I’ve never been so proud to be a Rotarian.  Seeing firsthand all the things the 91 Rotary clubs plus 2 Rotaract clubs in our District are doing is more than inspiring.  Just take a minute and imagine what our communities, and the world, would look like without Rotary and you will know why we exist.

I’ve been on a two year, eight month journey to get prepared for this amazing year of my life.  I’m so blessed to have such a great District Council and 18 Assistant Governors to help me this year.  But it truly is not about me.  Sure, I’m the DG (District Governor), the CEO, the Head Cheerleader for a year, but this is about you, the people who make up our 91 wonderful clubs.

I was at the International Assembly in San Diego in January with every District Governor Elect in the world (all 528 of us), when RI President Elect Holger Knaack announced his annual theme for the coming 2020-2021 year:  Rotary Opens Opportunities.  It was a far different world way back then.

In March most Rotary clubs switched to Zoom or other electronic meeting platforms.  Now some clubs are holding small, socially distant meetings and broadcasting via Zoom for members to join in at home.  I believe these hybrid meetings may become the new standard for Rotary club meetings in the future.

August is Membership and Extension Month.  Why is our focus on membership important?  Without new members our organization would age out and die a slow death.  By bringing in new, energetic, young, diverse members the clubs can better reflect the local communities we live in and serve.  And we can Grow Rotary.  We have made a substantial investment in Rotary (through time, talent and money) to get where we are today.  We should work hard to keep it healthy and grow to better serve our communities and beyond.

If your club is struggling, I suggest you contact Marilyn Hoppen, the District Membership Chair.  She has lots of ideas to share with you.  One of the best articles on membership was on page 53 of the November 2019 Rotarian magazine.  It told how one club took a hard look at itself, made some changes, and increased from 22 to 60 members in three years!  You know the saying, “if you continue to do the same thing, why would you expect different results”?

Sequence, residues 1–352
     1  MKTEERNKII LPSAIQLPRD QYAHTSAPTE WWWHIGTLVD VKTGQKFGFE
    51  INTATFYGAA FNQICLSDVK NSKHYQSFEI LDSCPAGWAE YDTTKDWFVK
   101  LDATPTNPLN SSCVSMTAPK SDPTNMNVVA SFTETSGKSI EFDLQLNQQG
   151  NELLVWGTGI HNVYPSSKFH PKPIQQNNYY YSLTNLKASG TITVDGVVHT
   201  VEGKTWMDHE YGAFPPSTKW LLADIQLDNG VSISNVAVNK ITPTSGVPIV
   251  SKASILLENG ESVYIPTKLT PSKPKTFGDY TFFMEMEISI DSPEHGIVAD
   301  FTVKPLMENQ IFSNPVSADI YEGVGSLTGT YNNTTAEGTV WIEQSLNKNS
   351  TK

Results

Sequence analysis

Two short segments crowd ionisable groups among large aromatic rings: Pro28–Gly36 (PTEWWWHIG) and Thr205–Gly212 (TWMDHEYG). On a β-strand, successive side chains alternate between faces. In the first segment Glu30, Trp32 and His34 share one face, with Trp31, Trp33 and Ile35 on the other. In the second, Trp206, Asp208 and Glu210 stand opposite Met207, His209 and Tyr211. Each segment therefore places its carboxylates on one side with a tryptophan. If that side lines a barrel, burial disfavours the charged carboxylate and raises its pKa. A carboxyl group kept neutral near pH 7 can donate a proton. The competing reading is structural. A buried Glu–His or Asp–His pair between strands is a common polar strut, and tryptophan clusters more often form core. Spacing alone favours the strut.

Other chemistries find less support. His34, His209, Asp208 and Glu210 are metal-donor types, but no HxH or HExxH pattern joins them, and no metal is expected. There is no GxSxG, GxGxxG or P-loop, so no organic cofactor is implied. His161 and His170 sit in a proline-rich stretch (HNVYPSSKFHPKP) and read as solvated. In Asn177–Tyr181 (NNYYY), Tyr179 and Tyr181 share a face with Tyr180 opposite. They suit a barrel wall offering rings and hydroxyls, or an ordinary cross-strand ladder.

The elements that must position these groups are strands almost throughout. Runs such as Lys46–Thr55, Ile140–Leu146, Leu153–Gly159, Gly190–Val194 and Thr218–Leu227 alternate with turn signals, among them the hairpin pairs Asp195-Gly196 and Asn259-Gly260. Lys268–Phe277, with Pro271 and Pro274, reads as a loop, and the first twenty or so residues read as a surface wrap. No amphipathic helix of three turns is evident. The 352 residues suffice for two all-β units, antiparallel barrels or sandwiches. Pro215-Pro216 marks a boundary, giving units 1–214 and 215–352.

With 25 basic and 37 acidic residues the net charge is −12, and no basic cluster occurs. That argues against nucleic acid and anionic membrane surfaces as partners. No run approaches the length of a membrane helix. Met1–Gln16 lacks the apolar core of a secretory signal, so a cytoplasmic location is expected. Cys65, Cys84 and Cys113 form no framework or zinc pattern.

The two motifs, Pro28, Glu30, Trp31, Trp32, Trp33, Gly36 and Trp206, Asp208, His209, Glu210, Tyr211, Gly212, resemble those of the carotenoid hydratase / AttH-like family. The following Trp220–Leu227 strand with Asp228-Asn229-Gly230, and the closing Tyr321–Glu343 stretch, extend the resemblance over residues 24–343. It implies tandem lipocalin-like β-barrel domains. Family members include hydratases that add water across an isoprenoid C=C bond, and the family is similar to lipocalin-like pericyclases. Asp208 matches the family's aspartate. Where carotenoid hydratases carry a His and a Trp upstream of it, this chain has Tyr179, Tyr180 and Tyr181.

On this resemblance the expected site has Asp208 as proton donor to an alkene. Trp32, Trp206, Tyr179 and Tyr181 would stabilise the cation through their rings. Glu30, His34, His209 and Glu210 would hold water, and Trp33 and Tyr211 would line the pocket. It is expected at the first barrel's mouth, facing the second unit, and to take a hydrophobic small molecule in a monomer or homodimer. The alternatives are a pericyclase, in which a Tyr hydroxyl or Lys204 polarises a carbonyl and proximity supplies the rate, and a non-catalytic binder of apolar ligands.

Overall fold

In light of some of this spring’s protests and demonstrations around the country in support of certain movements, I have been asked if the District has a statement concerning racism.  Rotary has always strived for diversity, equity and inclusion, more commonly called D E I.  I’d like to post one of the many statements from Rotary International:

At Rotary, we have no tolerance for racism.  Promoting respect, celebrating diversity, demanding ethical leadership, and working tirelessly to advance peace are central tenets of our work.

We have more work to do to create more just, open, and welcoming communities for all people.

We know there are no easy fixes and that challenging conversations and work lie before all of us. Rotary’s strength has long been our ability and commitment to bringing people together. We will tap into that strength now as we stand with those who are working for peace and justice. 

Rotary will do our part to listen, learn and take action to ensure that we continue to contribute to making positive change.

My challenge to you and your clubs is this:  Since Rotary is a clubs-up organization, it is up to the clubs to determine what our future will be.  Many of the clubs in District 5020 have already began formulating their own diversity policy.  In future issues of this UD5020 magazine we may showcase some of these efforts.

Paul Harris said, “Rotary must always be evolutionary, and at times revolutionary.”  I’m looking forward to seeing where clubs will lead us. I’ll be taking the opportunity to visit and meet many of you in your club meetings via Zoom soon, before my official governor visits begin.

Stay safe, wear a mask, and Grow Rotary!